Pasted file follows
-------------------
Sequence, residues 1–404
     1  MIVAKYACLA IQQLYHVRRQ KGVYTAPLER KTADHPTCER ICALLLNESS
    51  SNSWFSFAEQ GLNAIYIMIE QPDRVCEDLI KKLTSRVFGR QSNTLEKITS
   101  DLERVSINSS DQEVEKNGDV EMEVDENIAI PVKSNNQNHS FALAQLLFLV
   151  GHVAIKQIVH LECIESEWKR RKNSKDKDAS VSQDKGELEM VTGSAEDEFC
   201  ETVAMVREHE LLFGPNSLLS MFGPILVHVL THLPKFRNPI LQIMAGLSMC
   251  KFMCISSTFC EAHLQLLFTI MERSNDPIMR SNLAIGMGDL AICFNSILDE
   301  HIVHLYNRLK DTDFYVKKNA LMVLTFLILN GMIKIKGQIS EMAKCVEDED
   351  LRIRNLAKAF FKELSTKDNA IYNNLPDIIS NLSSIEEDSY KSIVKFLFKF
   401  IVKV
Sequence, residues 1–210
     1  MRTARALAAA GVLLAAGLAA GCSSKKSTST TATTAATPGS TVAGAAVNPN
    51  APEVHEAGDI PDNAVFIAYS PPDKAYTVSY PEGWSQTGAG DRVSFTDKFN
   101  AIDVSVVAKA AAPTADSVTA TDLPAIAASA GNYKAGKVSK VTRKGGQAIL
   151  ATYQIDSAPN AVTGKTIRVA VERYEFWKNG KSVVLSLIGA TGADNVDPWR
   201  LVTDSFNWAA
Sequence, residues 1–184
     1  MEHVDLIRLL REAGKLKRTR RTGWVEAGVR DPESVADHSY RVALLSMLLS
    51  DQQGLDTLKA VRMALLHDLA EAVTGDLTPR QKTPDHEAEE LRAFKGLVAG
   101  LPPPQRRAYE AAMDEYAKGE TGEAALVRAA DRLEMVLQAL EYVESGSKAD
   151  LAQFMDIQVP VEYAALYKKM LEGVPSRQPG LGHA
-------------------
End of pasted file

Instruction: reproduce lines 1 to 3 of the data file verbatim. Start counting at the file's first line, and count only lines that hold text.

Sequence, residues 1–404
     1  MIVAKYACLA IQQLYHVRRQ KGVYTAPLER KTADHPTCER ICALLLNESS
    51  SNSWFSFAEQ GLNAIYIMIE QPDRVCEDLI KKLTSRVFGR QSNTLEKITS